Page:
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Eric Talmadge: A Tourist in Other People's Reality

Eric Talmadge: A Tourist in Other People’s Reality

I joined Instagram in 2014 for the exclusive purpose of looking at pictures of North Korea. It had not yet become QVC for Millennials, as someone on Twitter once quipped, but it had already acquired the reputation of being frivolous: a place for selfies and gratuitous self-revelation. At the time, Eric Talmadge, the former AP Pyongyang Bureau Chief who passed away on May 16, was one of four users regularly posting photos from North Korea. He was also one of the first and most frequent. I can’t remember what sparked the interest, only its persistence and intensity; each of the four men and their particular gaze and voice installed themselves on the periphery of my brain in the specific way that social media has made seem easy and natural.

I was living in Ukraine, quietly, working as a teacher and a translator in Odessa and putting off thoughts of leaving until some future moment of relative political stability. I had arrived the previous year, full to the brim with an area-studies education that explained in baroque detail the life of places I had never seen, distrustful of study-abroad programs and fellowships that seemed to take place in far-flung outposts of the United States, young and arrogant and sure that it would be better to make my own way. When the Maidan protests happened, followed a few months later by Russia’s invasion of the country’s easternmost regions, it seemed easier to simply wait it out, trusting the relative peace of my immediate surroundings.

Meanwhile, I tried to explain to my mother that the entire country was not on fire, in contrast to everything she was seeing on the news. I tried to explain that I spent most of my time in my apartment, on a cobblestone street lined with leafy chestnuts, and when their falling fruit triggered a car alarm in the early morning, I stayed awake listening to the quiet sound of someone carefully sweeping the street.

I sometimes wondered, like many commenters, if there was something just off-camera that could change the photo, make it less innocuous and more of a liability for its creator.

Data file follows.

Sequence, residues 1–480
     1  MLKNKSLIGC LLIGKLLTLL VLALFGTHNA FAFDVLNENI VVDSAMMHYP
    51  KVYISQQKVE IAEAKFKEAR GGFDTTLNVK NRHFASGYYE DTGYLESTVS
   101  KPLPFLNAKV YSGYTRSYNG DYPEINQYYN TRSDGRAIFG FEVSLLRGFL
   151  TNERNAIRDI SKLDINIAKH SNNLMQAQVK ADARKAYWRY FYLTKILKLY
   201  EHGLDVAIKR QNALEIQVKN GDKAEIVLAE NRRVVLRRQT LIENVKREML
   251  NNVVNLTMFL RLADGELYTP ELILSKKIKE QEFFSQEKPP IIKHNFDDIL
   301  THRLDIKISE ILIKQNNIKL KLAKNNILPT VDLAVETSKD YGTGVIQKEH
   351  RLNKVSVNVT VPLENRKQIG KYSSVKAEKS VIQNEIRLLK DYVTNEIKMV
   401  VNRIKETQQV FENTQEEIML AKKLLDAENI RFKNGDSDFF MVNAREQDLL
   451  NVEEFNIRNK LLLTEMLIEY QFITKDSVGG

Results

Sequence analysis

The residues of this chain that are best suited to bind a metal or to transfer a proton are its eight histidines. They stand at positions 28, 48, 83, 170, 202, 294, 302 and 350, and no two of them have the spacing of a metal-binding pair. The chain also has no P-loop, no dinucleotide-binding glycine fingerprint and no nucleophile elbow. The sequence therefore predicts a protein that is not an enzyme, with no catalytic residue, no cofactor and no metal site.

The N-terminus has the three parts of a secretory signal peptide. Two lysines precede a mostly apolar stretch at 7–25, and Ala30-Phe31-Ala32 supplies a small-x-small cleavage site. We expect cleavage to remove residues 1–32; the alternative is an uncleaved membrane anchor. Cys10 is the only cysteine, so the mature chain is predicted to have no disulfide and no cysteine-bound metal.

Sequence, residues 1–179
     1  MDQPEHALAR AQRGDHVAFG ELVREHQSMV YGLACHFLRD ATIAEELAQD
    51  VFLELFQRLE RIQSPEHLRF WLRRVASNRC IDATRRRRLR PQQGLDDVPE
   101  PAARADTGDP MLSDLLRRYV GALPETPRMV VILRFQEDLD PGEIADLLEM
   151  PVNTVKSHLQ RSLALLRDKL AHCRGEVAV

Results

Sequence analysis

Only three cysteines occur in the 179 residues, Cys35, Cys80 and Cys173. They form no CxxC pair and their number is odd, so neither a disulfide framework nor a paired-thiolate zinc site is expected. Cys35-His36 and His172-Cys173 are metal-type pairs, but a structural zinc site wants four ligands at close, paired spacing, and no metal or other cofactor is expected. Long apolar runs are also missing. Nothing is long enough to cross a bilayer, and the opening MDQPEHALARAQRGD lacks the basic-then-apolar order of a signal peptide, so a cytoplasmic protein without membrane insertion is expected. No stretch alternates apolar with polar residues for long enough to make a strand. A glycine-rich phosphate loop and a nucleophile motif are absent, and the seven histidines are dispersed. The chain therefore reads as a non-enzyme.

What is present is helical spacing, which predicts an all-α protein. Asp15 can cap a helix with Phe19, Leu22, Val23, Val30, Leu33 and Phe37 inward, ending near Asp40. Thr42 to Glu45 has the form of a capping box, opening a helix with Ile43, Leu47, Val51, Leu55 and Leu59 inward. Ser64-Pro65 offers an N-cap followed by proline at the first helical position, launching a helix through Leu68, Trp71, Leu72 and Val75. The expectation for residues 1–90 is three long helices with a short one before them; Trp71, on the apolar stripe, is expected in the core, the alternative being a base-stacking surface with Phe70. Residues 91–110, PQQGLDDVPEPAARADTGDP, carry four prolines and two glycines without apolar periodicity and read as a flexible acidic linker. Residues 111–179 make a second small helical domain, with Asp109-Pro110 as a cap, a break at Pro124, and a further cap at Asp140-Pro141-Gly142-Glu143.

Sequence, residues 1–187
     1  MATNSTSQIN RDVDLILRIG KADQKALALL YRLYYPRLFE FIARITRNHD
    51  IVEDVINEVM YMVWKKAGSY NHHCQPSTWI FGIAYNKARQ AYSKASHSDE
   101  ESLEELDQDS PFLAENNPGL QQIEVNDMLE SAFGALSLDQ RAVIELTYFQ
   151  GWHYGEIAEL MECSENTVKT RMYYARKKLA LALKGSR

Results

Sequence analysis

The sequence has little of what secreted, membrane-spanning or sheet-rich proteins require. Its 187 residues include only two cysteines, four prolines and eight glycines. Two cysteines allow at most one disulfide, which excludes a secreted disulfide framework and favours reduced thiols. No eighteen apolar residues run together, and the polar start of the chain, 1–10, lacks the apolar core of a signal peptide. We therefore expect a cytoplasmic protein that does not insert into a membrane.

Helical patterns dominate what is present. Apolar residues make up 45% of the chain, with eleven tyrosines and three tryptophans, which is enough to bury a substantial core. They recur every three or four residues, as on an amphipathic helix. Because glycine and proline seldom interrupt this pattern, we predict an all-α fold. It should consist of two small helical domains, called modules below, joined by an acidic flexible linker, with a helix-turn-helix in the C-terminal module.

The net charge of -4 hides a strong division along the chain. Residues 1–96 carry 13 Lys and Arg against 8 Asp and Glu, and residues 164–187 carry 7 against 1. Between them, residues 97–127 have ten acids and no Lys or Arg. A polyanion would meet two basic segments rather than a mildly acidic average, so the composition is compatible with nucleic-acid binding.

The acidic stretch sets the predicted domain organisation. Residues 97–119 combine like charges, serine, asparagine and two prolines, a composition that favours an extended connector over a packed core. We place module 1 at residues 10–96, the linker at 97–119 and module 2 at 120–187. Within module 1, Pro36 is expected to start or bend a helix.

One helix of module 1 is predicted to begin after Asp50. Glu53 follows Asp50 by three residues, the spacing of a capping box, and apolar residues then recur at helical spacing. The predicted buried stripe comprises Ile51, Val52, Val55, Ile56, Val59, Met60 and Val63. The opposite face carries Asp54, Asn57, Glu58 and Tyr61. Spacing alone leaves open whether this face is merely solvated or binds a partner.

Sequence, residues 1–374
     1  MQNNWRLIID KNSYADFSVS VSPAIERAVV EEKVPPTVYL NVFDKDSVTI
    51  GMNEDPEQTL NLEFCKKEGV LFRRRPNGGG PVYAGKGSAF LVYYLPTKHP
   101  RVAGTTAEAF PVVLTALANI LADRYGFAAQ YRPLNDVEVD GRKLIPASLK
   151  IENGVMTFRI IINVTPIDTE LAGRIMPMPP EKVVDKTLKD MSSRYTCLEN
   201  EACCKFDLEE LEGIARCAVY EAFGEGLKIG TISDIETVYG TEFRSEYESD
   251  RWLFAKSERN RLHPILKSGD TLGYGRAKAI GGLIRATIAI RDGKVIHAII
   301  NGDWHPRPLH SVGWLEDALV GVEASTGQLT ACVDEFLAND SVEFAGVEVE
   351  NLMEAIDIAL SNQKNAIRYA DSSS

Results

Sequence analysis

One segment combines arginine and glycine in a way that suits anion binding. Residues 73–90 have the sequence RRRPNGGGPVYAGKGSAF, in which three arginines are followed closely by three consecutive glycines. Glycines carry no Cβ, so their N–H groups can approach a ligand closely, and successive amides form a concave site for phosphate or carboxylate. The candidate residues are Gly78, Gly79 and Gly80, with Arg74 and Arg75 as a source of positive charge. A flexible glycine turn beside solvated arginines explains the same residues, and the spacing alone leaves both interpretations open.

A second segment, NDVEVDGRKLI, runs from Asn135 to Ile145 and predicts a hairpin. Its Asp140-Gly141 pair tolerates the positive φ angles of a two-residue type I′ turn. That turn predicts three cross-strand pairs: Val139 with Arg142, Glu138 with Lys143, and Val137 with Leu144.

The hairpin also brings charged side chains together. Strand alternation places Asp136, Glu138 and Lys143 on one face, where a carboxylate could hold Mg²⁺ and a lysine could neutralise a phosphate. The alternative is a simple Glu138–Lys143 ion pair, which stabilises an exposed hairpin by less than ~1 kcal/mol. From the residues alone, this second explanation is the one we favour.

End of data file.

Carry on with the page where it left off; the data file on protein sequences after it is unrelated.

Stuck in the middle of what so many were telling me was a momentous situation, a historical moment, I nevertheless felt that I had seen so little of it. Early May in Odessa was turbulent, starting with a long day of chaos on the main tourist street, patio seating calmly spirited away by waitstaff or turned into barricades, the fiberglass Great White head — usually stationed on a corner waiting for tourists to pose with — floating above the crowd as it was hastily repurposed. I had seen the journalists, whose faces I was just starting to recognize from Twitter, wandering the edges of the crowds in careful search of a story. I wondered what they saw that I didn’t.

It was this same bewildered gaze that I trained on Talmadge’s photos, which seemed the most casual, plausibly close to their subjects, the pictures of monuments uncharacteristically off-center to catch the faces of passersby. Perhaps because he was trying to post every day, at least for a while, the pictures he chose to post didn’t seem chosen as representative or particularly relevant. His unabashed use of filters, the casually unfocused or cloudy shots, taken through a tram window or a morning mist, made it easy to believe that the very existence of the photos, rather than their potential to educate or sway opinion, is what mattered most to the person behind the camera. In brief captions and lengthier articles, he wrote about the parameters of this strange privilege. His work — affectionate toward his subjects, interested in how and where they lived, sometimes exasperated with the lengths he was obligated to go to in order to photograph them — was a calm, intriguing counterpoint to the dissonance I perceived between the place I lived and what I was reading about it.

I sometimes wondered, like many commenters, if there was something just off-camera that could change the photo, make it less innocuous and more of a liability for its creator. But his photos were a visual analogue for diplomacy at its best — mindful of a delicate situation, never provocative, but creative within limits and engaging for both subject and viewer. At a time when a growing sense of North Korea as a threatening presence was not matched by greater access to information about it, he offered an avenue of casual engagement, a key, necessary-if-not-sufficient element of understanding the life of another place.

Eventually, I left. I went to graduate school and began working in nuclear disarmament, a field that somehow made use of and built on my deep interest in environmental and nuclear history. My Instagram became first of all a vector for dog and baby photos, overwrought work-lunch recipes, and improbably elaborate makeup routines, and I love it for what it is. Thinking about North Korea is part of my job; that and intervening events have made it more serious, data-bound.

When I heard the news of Talmadge’s death, I realized that his work was still with me, still part of the visual vocabulary I draw on when I think about North Korea. I was as surprised by my own sadness as the number of people who described a similar latent fondness for his work, who now felt bereft. Today, more and more visual material documenting life in North Korea is being produced, but Talmadge’s absence will be as distinctive as was his presence.

Emma Claire Foley is a Program Associate at Global Zero. You can find her on Instagram @haggeography.